The following essay was originally published as a forward in a limited edition hardcover publication of ‘The Last Illusion’ by Clive Barker
By Lucien Greaves
A stage magician, openly engaging in trickery, often masters an endless repertoire of precision sleights and deft misdirections only to be relegated to street busking or scrounging for tableside tips. The hustler, however, comfortable in the presence of the hopelessly gullible, can merely learn to poorly half-ass his/her way through one cheap trick, yet yield a cult of devoted followers willing to spill their life savings into an empty promise of salvation.
Scam mediums, grifter gurus, fraudulent faith healers, all retain a profitable market of those who care little — and are often openly hostile towards — the debunkings suffered by their false messiahs. “Psychics” — even those amongst the most sought — are often laughable in their feeble cold readings, which are nonetheless sufficient to fleece the willing rube.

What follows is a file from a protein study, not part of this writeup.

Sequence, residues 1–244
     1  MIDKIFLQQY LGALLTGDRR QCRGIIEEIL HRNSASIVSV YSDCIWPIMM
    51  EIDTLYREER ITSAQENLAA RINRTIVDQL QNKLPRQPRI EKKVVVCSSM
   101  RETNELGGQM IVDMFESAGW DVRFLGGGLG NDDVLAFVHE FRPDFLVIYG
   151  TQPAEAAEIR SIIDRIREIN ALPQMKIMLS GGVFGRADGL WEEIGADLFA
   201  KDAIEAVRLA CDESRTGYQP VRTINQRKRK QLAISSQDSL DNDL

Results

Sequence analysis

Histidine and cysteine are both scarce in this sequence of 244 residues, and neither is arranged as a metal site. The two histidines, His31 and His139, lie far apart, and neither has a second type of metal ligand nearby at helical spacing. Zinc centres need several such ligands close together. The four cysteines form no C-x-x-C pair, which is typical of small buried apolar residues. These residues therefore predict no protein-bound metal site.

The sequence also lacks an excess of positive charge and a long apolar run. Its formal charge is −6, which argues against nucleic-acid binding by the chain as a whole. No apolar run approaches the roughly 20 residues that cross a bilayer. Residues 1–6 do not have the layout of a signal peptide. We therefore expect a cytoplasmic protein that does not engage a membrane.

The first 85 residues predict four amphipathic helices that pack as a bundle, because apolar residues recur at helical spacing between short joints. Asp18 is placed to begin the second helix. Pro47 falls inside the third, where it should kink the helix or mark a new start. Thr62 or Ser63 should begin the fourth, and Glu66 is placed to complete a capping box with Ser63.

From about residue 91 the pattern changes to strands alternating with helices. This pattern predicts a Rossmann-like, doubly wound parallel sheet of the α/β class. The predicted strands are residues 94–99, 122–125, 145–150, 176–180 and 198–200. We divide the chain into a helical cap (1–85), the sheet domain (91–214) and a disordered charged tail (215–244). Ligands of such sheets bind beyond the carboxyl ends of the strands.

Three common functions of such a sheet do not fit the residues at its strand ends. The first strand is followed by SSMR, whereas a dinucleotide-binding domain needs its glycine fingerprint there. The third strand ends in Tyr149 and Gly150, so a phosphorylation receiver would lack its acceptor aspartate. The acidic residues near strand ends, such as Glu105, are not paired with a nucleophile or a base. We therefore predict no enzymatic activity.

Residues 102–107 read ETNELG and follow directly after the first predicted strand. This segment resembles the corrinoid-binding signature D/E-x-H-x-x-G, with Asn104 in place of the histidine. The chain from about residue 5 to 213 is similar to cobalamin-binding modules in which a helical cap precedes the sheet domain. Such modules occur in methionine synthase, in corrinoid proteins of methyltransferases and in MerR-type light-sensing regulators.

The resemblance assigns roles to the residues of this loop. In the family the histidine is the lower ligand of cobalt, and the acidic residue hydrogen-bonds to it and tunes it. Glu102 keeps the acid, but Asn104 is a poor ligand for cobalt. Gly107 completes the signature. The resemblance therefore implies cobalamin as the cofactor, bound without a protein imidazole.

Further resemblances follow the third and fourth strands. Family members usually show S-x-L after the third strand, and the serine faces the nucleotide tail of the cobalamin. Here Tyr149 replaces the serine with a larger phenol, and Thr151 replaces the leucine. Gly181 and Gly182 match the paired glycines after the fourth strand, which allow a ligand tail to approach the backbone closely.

Indeed, water-into-wine is well within the domain of amateur stage magic, making the history of illusion a potentially troubling topic for the religious supernaturalist. How many religious movements were predicated on exasperatingly simple stage sleights, concealed gimmicks, confusing misdirections?
The “honest” magician sells entertainment, claiming no supernatural command over unknown forces. They, like Clive Barker’s symbolic character, Swann, in The Last Illusion, might prefer the title of “Illusionist” over “magician.” Just the same, some observers will suspect (just as some will suspect trickery on the part of the mystic) that the magician harbors secret powers merely explained away as “illusion.” As an accomplished mentalist once observed, it makes little sense to raise the ire of debunkers and skeptics when baffled observers will interpret the illusion as reality despite any disclaimers given anyway. Read more “Religion As Illusion”